Eventually he progressed toward ironwork and then bronze. The metal he holds a tremendous affection for is the bronze, however.

"I call it the sexiest metal," Unnasch explained. "Bronze is a great conductive, more malleable, does not degrade as fast and is strong and resilient. It also has an allurement to it forming a patina layer and is great to turn into something musical. You just flick the bronze and it sings, lasting a long time."

The patina layer forms as the object ages, enhancing the beauty of the item.

Another quality very much appreciated by Unnasch is that bronze melts at a little cooler temperature than iron - 1,800 degrees Fahrenheit.

Heating the metal generally takes several hours to get it to the right temperature for pouring. The container the metal is in during this process is called the crucible. It is a rounded ceramic vessel.

One way to identify the right temperature is by using a gadget called a pyrometer. This instrument measures the high temperatures necessary for projects such as molding metal.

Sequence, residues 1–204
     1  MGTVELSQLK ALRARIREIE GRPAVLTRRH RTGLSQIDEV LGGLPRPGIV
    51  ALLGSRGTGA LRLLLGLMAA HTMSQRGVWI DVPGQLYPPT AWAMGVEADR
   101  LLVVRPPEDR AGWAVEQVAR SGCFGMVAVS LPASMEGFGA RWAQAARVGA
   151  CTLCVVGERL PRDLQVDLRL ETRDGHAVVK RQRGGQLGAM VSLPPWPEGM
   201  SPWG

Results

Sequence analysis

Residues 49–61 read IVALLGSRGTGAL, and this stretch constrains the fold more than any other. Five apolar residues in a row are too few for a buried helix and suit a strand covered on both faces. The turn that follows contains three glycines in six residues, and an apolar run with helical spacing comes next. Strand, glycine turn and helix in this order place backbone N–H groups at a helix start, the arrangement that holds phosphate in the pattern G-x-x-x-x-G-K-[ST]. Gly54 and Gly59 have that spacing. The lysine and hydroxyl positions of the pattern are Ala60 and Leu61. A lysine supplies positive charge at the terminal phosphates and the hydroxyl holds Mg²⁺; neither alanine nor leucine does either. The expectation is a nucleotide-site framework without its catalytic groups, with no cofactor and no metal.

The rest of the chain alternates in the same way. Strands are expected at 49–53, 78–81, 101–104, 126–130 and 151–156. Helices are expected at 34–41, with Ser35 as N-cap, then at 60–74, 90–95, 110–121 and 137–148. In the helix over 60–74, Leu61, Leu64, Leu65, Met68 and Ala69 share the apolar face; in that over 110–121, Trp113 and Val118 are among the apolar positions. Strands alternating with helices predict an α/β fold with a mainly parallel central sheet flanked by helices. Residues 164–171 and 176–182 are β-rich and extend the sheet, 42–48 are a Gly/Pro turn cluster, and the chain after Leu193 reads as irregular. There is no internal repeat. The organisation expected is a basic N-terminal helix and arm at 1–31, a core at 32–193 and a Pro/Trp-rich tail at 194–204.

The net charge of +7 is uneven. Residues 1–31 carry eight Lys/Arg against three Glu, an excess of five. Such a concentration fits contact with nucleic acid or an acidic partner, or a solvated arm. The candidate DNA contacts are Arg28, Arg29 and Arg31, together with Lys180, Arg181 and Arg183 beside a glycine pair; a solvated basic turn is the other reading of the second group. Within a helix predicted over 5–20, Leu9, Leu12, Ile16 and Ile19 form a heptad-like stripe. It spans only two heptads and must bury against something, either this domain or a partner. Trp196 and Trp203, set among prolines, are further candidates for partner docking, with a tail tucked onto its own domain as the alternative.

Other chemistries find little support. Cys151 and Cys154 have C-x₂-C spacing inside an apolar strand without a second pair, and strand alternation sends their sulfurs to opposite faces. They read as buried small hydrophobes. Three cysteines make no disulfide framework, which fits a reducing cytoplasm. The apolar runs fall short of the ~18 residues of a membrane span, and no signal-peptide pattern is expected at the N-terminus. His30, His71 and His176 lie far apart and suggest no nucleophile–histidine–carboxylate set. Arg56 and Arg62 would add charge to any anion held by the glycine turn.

Another way to identify the right temperature is through the color.

"If you are experienced enough, you can see how hot the metal is by the color. The metal should be a ripe orange color. You don't want it to be orange yellow. That is too hot. If the metal is too hot, it will burn into the sand, making the sculpture rough," Unnasch described.

Once the metal has been liquefied, molds are stacked two or three at a time and the bronze is poured into them to cool.

The molds for this project will be pre-made, sand resin molds prepared by Unnasch. Prior to the pour, there will be two workshops available for participants to create their own designs in the molds, but those who take part in the workshop must pay $25 for the mold. However, once the sculpture is molded, they will be able to take theirs home.